Mental Health/Wellness

PTSD and Guns

PTSD and Guns
Photo Credit: Google Images

Some of the questions a veteran is asked when they seek treatment for PTSD or other combat related injuries such as Traumatic Brain Injury, “Do you currently own any weapons? Where are these weapons kept? And do you have regular access to these weapons?” PTSD in itself does not cause a veteran to “snap” and go on a killing spree, but having easy access to weapons is a contributing factors in the highest suicide rates among returning veterans we’ve seen in years. Given a veterans training, exposure to violence and easy access to guns, the question of controlling their access has been debated for years.

What many people don’t know, is that if a veteran is found to be mentally incompetent the VA can place them on the National Instant Criminal Background Check System, essentially prohibiting the veteran from ever owning a firearm, legally.  Mental competency is based on whether there is a Fiduciary appointed, a person who is responsible for their finances.  Once  labeled by the VA their second amendment rights are stripped from them, the same as a criminal serving a prison term.  This is current law, and some Republicans are trying to change this law based a knee-jerk reaction to stricter controls proposed by Democrats. 

Politics aside, and let’s be clear that the Democrats did not start the legislation that began stricter gun control laws, Republicans are responsible for that after the attempted assassination of President Reagan.  The most influential laws governing control of firearms came from the Brady Act, within a Republican administration.  So let’s leave politics out of it shall we?  The real concern is veterans with mental health issues feeling stigmatized by laws aimed directly at them, which may ultimately keep many from seeking treatment. The military community is full of citizens who believe in their constitutional right to bear arms.  The argument being, “We fought for this country with honor and now our basic rights are being infringed.”-is often heard from veteran organizations opposed to stricter laws aimed at veterans.

So is it fact or stereotypes shaping our understanding of veterans? Stereotypes from news, film and television shows that paint anyone suffering with PTSD or TBI as being a grenade waiting for someone to pull the pin, are a contributing factor.  But the facts simply don’t support this.  The existence of violent crimes within military communities is prevalent enough for some military based communities to consider special “Veterans’ Courts”. These courts are specialized judicial entities sympathetic to the needs of military veterans, who often don’t commit crimes until after tours of combat leave them with untreated PTSD.  PTSD can cause what some psychologist refer to as the “pancake” effect.  Veterans with untreated PTSD often self-medicate with alcohol or drugs, which leads to problems that cause them to lose their job, intimate relationships, homes, and sense of purpose.  Having lived in an atmosphere where violence often solved the problems at hand, violence becomes the norm.  Domestic violence is the most prevalent, followed by child abuse, violent altercations such as bar fights, DUI’s often involving manslaughter charges and other drug related crimes are typical for those suffering from untreated PTSD.  A combat veteran is more likely to kill themselves than a classroom full of children.  So we have to ask the question, are stricter gun laws specific to military veterans going to prevent this violence? Or are we simply keeping those who need the most help away by threatening to take away the one thing that gives them security?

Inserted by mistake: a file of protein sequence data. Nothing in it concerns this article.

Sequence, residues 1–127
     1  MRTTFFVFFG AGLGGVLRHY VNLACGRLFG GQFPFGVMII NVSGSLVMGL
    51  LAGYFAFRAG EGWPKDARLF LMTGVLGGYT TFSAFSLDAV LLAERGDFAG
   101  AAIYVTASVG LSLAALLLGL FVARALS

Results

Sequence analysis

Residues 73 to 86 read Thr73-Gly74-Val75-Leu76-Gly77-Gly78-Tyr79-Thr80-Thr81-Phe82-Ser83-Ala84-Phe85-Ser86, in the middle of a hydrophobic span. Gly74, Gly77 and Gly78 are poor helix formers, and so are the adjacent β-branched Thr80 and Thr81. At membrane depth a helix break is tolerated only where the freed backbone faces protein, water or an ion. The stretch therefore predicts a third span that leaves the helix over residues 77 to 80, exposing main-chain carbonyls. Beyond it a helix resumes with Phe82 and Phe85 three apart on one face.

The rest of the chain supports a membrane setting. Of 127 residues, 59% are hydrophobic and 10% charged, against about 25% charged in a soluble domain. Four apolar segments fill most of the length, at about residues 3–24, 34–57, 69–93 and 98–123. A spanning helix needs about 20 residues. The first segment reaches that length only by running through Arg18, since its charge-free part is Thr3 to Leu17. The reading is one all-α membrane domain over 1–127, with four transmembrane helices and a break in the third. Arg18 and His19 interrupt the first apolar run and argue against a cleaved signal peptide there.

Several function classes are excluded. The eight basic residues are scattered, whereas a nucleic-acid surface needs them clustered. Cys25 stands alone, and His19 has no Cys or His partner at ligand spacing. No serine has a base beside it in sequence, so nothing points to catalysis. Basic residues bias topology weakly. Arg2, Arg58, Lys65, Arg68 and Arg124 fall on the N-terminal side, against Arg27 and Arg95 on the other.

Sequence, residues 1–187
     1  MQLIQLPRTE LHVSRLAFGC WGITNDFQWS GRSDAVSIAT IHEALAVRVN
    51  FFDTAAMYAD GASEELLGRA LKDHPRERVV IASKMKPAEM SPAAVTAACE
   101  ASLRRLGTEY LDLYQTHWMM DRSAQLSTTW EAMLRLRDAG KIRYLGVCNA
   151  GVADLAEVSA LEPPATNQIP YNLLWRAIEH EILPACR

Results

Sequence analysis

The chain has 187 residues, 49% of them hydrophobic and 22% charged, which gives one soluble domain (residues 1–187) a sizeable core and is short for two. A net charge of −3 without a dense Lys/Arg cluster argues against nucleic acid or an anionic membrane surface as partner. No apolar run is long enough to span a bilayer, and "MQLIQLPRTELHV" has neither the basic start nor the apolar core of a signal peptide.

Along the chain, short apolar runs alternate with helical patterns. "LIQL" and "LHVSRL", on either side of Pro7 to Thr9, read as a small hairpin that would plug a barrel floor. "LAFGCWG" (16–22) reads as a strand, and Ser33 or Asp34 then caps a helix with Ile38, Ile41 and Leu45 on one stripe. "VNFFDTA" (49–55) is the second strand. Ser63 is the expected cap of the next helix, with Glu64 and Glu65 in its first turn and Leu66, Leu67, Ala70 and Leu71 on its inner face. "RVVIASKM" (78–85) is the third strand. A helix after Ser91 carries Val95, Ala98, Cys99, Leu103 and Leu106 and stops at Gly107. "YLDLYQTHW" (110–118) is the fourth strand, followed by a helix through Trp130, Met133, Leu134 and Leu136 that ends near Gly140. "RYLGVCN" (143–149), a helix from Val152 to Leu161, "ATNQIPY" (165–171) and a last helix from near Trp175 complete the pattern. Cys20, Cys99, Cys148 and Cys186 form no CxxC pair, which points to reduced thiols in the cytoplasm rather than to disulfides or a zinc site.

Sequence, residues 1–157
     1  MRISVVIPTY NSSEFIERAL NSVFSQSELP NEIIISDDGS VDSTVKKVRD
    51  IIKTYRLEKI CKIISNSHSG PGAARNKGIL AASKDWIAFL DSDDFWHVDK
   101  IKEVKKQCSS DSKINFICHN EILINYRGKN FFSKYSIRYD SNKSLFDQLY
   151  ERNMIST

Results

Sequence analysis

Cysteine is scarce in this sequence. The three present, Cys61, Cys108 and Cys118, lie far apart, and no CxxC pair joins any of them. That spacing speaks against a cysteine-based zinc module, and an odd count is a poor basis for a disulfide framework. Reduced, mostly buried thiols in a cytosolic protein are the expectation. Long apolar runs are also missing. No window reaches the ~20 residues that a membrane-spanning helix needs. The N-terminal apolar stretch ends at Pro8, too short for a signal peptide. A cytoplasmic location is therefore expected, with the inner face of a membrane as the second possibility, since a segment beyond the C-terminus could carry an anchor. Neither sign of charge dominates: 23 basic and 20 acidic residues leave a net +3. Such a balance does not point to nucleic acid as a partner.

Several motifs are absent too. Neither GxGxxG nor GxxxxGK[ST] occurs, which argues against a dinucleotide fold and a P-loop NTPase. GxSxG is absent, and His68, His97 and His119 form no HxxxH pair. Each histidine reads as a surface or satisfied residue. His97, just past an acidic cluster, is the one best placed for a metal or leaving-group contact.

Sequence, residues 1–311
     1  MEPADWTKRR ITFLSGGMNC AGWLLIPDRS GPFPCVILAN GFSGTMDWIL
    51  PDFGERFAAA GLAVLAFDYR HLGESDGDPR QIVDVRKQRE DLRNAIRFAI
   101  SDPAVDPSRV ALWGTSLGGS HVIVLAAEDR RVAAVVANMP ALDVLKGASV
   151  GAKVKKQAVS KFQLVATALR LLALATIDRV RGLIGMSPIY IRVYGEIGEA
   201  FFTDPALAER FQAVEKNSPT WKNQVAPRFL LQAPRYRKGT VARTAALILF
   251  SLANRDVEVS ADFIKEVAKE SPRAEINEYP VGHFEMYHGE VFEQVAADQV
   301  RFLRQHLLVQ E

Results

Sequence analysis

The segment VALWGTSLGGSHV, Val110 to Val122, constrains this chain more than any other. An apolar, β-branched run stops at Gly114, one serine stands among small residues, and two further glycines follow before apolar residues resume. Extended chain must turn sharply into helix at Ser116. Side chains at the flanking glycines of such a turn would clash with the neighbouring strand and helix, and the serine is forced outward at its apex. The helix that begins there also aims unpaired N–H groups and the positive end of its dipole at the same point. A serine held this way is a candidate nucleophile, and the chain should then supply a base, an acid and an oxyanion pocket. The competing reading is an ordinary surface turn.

I recently had a conversation with a veteran suffering from PTSD concerning his access to weapons.  “Give me three good reasons why you need your guns.”

His argument is typical of the conversations I’ve had with many of my combat veteran friends seeking treatment for PTSD.  Guns offer him a sense of security, having guns reminds him that he’s still a law abiding American with constitutional rights, and the core of the issue seems to be the fear that a mental illness would take away his capacity to be responsible to himself or others.  My answer to him was simple.  Give your guns to someone you trust until you feel your therapy has been effective. You’ll still be secure, you’re a combat trained veteran- with or without a gun the bad guys don’t stand a chance.  It’s a temporary condition with a temporary solution, having a gun makes it possible to apply a permanent solution to a temporary problem.  Not having a gun doesn’t mean you’re crazy, it means you’re smart enough and responsible enough to realize that you need help.  Seeking help is the most responsible thing you can do for yourself and those who love you. 

Better mental health services or stricter control of guns?  The debate rages on.

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